It’s immediate disaster! Obviously this isn’t what Abraham wanted, but what did he think was going to happen? Some think that Abraham was hoping to ride out the famine and when suitors would come to court Sarah he’d be able to put them off – like Laban will later with Jacob. But people like Pharaoh don’t need to negotiate. They take what they want. Still, we can’t say that Abram should’ve been surprised by this turn of events. One source explains:

“Since Abram’s group had many people and animals, they had to be given special permission to live and trade in Egypt. Important economic and political contracts in the ancient world were sometimes finalized by the weaker party giving a woman to the leader of the stronger party.”

This is the first use of the word “praise” in the Bible. It’s the word from which we get “hallelujah.” This first usage is the Egyptians praising Sarah. The Bible reveals that human beings are made to worship. “Praise” means to exalt, to be deeply thankful for, and to find satisfaction in lauding the greatness of something or someone. You and I are made to praise but the object of our praise is up to us. When we turn our worship from God, we invariably try to find our satisfaction in things that cannot last: Things like beauty or pleasure or status or temporal achievement. Apart from God, man also tends to worship whatever belongs to someone else. That leads us to do things we ought not do. Look at Pharaoh. Did he really need one more woman in his harem? No, but when we worship things that are not God, our hearts are drained of satisfaction and thankfulness. When we worship the Lord, the opposite happens – we’re fillled.

Genesis 12:16 – 16 He treated Abram well because of her, and Abram acquired flocks and herds, male and female donkeys, male and female slaves, and camels.

On paper, Abraham’s doing great. He avoided financial disaster in Canaan, his family gets to see an exotic locale, he’s added a bunch of capital to his portfolio, his wife won a beauty contest, and he’s even on friendly terms with the king! Of course, that’s all a matter of perspective. We know what’s actually important, and so we read this and we wince and say, “No, Abraham! Don’t do this!” Why? Because we know that Abraham has made a serious mistake. God had made it clear that He wanted to be the Sovereign Provider for Abraham and his family. But Abraham must’ve feared God wouldn’t come through. So, like the Israelites in First Samuel, he decided to get himself a human king to provide for him. But, the cost was steep. He forfeited his wife. He made plenty of money, but all these gains are polluted. Warren Wiersbe points out that everything he gets from Egypt ends up causing trouble for him. He has too many possessions, which leads to strife with Lot. He picks up Hagar the slave, who will end up figuring into another sorry misadventure. And we can speculate that the largess of Egypt awakened in Lot a carnality that eventually led him to Sodom.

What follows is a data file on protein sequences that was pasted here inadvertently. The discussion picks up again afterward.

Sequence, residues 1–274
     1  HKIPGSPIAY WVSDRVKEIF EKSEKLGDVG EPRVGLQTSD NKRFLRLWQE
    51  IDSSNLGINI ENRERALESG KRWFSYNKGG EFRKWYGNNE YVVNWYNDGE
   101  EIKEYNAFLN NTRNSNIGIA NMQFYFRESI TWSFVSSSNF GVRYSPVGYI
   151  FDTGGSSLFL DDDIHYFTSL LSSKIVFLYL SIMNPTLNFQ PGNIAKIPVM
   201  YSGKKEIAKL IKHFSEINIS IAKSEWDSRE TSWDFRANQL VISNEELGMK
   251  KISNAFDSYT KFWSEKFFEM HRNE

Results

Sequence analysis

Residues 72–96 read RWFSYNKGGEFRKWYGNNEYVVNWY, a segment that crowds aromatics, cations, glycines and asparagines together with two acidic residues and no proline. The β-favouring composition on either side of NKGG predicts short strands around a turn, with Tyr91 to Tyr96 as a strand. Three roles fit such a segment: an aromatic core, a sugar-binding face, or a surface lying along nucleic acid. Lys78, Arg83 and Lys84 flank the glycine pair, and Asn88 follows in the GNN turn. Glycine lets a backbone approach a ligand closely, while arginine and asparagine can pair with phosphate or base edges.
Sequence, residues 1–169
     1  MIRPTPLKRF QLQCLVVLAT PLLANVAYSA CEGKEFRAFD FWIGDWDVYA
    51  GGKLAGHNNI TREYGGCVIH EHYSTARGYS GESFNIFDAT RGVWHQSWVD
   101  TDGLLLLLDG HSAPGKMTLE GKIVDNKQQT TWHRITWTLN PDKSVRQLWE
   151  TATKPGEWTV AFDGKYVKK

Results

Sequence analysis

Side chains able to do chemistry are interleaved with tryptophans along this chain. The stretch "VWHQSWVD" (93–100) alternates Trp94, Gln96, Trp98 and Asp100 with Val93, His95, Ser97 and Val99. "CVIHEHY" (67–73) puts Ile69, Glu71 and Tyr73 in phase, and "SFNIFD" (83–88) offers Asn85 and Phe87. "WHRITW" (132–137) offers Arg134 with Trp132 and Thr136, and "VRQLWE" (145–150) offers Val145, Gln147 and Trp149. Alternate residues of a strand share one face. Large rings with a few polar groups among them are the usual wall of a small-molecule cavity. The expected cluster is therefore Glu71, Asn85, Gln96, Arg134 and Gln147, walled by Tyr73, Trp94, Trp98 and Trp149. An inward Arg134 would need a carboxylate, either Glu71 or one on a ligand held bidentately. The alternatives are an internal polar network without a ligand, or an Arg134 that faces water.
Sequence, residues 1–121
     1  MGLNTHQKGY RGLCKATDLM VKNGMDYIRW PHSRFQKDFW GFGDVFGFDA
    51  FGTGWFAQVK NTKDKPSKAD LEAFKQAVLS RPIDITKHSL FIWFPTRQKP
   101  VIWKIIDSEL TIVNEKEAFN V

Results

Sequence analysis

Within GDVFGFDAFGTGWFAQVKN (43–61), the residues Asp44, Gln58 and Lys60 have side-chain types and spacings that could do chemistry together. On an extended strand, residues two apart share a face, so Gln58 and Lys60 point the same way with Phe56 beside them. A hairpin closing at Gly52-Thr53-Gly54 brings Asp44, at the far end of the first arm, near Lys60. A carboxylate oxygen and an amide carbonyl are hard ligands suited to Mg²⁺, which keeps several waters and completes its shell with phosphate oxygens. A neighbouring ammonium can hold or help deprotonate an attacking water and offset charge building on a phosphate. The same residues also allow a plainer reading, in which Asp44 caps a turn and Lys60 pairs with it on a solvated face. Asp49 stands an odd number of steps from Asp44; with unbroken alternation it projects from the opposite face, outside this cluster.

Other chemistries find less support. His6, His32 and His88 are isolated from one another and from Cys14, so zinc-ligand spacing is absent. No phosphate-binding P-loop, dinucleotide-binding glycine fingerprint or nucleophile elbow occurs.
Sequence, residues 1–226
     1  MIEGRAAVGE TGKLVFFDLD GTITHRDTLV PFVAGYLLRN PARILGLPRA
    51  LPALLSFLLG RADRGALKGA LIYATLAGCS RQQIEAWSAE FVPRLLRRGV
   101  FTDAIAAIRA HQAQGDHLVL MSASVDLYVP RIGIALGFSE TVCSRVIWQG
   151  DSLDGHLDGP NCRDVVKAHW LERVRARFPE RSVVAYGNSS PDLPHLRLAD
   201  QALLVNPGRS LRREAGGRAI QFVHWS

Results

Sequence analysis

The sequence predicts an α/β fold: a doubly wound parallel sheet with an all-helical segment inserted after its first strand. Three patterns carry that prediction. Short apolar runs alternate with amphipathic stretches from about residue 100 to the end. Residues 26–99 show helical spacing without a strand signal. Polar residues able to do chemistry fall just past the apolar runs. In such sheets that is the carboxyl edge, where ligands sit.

Our choices impact others and they impact our future, sometimes in profound and unforeseeable ways. This is why we need an eternal Navigator. We need the light of the Word to direct us.

Genesis 12:17 – 17 But the Lord struck Pharaoh and his household with severe plagues because of Abram’s wife, Sarai.

If Abraham wasn’t going to protect his wife, God most certainly would. It was through Sarah that the Deliverer would come, so God made sure she was safe. There’s a contrast between Abraham’s selfish focus on the here and now, material state and God’s great vision. God is concerned for Abraham and Sarah and their future beyond this famine and the future of their kids and the future of the nation of Israel and the future Hope for all humanity. He has quite a big picture in mind.

So, when God comes to us and gives us clear directions, they are for very good reasons. When God says, “I want you to married people to stay married and I want you to connect with a local church Body and I want you to honor authority and I want you to control your thought life,” it’s not because we have to do those things to earn salvation. That price has already been paid. God gives us commands and confines because He is able to see all of the ramifications of our choices and He says, “I want to fulfill certain good purposes in your life and this is the way it must be done.”

God is so serious about His will for His people that He will, when necessary, fight against the earthly obstacles Himself. He sent fierce plagues on Pharaoh and his house. Now, on one hand, it’s nice that the Lord picked up the slack left by Abraham. But, on the other hand, there’s a sad aspect to how this all shakes out. God’s plan was for Abraham to be a blessing to the people of the world. Here, because he’s out of the will of God, he’s become a curse to them.